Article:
It’s great to focus on wine-friendly cheeses occasionally, and what better reason than the Vancouver International Wine Festival.
Of course, I’m a firm believer in pairing however you like, but personally, I have a few things I always look for in a cheese board if I’m trying to do a more serious tasting.
Wine is expensive, and a lot of effort and thought has gone into making, buying, and possibly cellaring it. I never want to recommend cheeses that detract from anyone’s wine selection. The perfect choices would complement your wine and might even enhance the flavour. Amazingly, that doesn’t happen that often. The best outcome is when the taste of the cheese and the wine is lifted a bit, but sometimes you have to settle for the two just not clashing altogether. If it is a bad match, it might bring out off flavours in the wine or in the cheese and can sometimes, you can be left with an unpleasant metallic taste in your mouth as though you had been chewing on tin foil. Nobody wants that!
If you’re going to be having an extensive variety of wines together, or you’re unfamiliar with the wines you’ll be tasting; it’s nice to have a list of some cheeses you can count on to pair equally well with all of them. These are some of our go-to wine-friendly cheeses. This list doesn’t include very many soft cheeses because they are a lot less dependable than firm cheeses as far as a pairing goes.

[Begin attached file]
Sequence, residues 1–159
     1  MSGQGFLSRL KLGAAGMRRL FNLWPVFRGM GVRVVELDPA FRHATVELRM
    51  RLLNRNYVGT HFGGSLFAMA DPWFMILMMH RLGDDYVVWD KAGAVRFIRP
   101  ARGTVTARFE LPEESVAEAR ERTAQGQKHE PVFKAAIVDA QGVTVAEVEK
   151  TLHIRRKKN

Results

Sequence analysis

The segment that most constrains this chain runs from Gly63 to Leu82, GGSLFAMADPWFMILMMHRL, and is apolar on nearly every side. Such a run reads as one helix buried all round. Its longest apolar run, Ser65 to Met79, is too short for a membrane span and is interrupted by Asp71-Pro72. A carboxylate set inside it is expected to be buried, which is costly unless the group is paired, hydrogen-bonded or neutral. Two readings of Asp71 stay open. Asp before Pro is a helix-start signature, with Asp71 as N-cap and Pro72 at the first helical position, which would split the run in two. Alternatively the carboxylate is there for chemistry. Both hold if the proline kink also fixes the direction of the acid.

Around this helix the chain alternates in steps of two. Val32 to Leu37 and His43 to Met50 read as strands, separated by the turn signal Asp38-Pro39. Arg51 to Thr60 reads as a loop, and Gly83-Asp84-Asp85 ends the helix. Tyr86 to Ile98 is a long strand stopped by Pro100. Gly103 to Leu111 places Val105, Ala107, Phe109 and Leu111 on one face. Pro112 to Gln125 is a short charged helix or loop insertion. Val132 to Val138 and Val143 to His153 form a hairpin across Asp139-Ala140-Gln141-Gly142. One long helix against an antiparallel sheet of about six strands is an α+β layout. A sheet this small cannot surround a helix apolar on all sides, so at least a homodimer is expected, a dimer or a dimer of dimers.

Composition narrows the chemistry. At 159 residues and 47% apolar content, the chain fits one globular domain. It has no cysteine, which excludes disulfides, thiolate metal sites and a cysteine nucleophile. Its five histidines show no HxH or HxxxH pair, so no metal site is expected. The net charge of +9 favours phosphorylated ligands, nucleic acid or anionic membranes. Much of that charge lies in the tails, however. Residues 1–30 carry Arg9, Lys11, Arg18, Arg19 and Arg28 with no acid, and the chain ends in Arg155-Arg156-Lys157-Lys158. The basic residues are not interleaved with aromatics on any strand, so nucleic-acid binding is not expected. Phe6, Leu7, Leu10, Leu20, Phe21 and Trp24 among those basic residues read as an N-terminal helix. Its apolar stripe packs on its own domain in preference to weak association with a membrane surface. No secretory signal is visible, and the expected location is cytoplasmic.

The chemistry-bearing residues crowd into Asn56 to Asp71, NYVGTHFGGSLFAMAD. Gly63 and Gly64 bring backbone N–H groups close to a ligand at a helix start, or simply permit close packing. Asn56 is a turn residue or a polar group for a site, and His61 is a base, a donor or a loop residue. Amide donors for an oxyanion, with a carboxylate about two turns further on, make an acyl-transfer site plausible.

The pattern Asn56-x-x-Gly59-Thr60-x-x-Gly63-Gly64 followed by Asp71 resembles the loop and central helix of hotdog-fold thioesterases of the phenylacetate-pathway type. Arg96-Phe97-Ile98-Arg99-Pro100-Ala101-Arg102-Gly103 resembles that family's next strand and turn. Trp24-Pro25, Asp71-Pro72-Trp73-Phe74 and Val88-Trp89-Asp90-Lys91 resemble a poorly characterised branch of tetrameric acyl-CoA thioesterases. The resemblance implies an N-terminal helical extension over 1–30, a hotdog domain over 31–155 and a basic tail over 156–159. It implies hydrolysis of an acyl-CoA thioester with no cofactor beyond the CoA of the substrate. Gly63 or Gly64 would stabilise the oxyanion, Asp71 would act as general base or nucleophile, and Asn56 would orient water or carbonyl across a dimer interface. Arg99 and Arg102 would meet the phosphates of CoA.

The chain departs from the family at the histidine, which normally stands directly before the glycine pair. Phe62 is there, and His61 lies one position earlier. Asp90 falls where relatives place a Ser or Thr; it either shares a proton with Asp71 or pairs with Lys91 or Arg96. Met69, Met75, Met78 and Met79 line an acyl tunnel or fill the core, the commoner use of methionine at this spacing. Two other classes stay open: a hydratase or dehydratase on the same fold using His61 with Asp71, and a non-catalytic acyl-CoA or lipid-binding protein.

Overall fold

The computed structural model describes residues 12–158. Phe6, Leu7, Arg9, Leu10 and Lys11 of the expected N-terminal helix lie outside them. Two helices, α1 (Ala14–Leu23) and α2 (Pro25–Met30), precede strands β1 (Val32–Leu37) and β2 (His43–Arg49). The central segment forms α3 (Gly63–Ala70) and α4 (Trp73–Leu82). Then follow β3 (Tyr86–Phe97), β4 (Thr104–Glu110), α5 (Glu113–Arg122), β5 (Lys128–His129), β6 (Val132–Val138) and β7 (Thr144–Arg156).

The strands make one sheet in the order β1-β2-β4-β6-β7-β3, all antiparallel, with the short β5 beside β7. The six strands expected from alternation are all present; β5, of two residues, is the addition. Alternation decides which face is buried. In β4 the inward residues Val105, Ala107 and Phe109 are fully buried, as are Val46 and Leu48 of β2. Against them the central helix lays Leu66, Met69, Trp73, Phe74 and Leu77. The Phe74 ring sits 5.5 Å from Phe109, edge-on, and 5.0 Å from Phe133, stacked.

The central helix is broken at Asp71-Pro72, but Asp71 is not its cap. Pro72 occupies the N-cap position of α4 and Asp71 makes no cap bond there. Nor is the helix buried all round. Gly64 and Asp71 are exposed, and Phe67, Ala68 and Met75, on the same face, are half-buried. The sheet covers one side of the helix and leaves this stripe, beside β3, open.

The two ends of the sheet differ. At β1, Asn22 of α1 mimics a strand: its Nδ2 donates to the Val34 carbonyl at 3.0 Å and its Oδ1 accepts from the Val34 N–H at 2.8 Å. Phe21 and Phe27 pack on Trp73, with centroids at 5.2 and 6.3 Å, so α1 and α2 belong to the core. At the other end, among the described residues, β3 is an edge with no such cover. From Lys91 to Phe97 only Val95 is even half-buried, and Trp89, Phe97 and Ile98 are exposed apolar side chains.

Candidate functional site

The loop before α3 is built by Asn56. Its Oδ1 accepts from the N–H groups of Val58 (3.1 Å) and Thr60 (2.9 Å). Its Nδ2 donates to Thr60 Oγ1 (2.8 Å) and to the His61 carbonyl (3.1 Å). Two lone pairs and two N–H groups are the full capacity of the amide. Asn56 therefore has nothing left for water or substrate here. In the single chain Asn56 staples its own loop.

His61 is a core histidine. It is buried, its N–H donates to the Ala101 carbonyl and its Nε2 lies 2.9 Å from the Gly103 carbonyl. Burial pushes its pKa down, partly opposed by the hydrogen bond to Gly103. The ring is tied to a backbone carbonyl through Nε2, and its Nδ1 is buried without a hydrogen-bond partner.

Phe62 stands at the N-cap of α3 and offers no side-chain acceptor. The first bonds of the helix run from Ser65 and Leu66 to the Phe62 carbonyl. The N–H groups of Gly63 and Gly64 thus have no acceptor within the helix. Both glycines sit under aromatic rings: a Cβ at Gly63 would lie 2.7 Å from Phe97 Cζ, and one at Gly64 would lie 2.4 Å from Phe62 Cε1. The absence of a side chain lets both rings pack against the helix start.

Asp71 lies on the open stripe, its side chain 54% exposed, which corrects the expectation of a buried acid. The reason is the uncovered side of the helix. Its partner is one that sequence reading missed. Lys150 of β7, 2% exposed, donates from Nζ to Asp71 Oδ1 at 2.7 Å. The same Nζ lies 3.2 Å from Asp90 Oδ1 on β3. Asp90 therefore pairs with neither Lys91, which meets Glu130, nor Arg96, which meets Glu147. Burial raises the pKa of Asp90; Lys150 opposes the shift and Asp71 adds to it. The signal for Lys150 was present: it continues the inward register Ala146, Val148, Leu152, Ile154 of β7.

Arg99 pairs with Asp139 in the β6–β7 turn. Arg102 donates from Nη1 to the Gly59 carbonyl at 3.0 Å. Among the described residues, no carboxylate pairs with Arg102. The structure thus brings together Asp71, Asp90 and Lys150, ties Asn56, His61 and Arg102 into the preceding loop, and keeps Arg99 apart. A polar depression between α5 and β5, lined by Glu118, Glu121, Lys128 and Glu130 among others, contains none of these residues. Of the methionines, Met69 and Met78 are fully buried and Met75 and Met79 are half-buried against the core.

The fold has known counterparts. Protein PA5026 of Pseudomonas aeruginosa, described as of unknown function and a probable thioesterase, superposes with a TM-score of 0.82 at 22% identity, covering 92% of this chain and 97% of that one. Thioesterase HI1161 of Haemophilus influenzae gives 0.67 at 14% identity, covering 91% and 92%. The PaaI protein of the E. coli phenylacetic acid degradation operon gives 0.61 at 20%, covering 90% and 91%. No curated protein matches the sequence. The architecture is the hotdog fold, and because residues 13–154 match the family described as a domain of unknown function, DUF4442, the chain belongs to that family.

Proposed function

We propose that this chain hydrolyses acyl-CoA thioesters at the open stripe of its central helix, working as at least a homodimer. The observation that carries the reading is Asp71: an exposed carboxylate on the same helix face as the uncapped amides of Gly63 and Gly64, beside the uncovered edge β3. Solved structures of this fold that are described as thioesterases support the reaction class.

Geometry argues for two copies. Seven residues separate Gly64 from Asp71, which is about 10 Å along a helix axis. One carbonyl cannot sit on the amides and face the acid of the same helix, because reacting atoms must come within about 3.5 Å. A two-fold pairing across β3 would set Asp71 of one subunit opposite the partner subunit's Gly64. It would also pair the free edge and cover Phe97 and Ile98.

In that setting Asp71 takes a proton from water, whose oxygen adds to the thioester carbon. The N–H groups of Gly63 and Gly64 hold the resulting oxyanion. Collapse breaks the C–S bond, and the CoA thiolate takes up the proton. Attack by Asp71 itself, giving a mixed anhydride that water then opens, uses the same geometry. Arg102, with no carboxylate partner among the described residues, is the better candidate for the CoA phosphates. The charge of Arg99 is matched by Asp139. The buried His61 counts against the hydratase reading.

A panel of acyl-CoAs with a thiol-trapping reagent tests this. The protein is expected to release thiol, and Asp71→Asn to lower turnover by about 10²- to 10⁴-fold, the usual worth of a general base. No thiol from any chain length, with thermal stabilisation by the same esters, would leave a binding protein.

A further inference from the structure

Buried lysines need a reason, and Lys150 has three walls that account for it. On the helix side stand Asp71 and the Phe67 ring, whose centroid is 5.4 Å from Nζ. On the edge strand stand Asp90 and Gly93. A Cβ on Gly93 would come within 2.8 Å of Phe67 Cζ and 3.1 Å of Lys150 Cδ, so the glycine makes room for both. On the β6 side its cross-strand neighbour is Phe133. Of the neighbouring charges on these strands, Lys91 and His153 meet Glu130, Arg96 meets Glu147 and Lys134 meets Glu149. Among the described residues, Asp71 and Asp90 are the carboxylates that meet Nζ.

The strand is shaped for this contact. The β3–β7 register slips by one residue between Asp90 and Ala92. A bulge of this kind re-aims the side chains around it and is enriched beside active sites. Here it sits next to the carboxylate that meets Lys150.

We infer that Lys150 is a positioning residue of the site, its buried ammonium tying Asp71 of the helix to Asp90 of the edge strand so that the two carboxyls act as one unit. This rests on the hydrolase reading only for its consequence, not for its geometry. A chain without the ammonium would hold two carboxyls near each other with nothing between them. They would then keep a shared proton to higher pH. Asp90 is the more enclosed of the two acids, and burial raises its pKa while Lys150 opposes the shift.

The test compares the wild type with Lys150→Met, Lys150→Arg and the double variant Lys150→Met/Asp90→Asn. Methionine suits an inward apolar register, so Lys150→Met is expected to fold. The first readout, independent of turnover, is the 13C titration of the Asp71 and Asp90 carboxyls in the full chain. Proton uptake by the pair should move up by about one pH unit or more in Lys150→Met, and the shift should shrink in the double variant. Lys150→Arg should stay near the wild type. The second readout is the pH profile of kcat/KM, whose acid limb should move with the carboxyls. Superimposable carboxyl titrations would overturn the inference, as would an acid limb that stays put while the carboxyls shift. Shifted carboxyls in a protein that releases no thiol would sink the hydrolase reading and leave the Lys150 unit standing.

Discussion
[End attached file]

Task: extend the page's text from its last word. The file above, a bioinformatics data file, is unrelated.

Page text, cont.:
- Swiss Mountain cheeses. Gruyere and Cave Aged Gruyere should be available in lots of grocery stores near you, and Le Marechal, Kaltbach Creamy and Mont Vully are other great choices that may need a bit of research.
- French Mountain cheeses. Things like Comté Montagne, Beaufort or Cantal are dependable, nutty-tasting choices that are good with various wine styles.
- Dutch Aged Gouda. There are many types available, but you’re looking for something a bit golden in colour that is aged for at least one to two years (or even longer). Some good bets are Beemster XO, Prima Donna, Old Amsterdammer, or Rembrandt. There are also a few goat versions to keep in mind, like Honeybee Goat Gouda and Franz Hals Goat Gouda.
- Manchego. The classic Spanish sheep’s milk cheese. They range from younger and fruitier to more aged and sharper, but any version tends to be a good bet. There is no gamey taste at all, and just as good with Champagne as a Rioja.
- Piave Vecchio. It is a very hard cheese from the north of Italy. It is fantastic with almost everything and incredibly amazing with bubbles.
- Parmigiano Reggiano. Who doesn’t have a chunk of Reggiano or Grana in their fridge? You may not have bought it for eating with wine, but why not? The great sharpness and nuttiness make it a natural. It’s a fun cheese to break up in rough chunks to add to your wine-friendly board.
- Fresh Goat. Even though it’s not my favourite category, just a simple chevre frais is always so much easier to pair than I think it will be. You might think the tangy, tartness would distract from the wines, but often it seems to make the cheese taste creamy and rich and bring out the fruity flavours in the wine.
- Accompaniments: Keeping it simple seems to be the answer if you concentrate on your wines. I would suggest sliced baguettes, a simple unflavoured cracker, some toasted nuts and perhaps some dried fruit. That should be enough but not too much to take your focus away from your glass.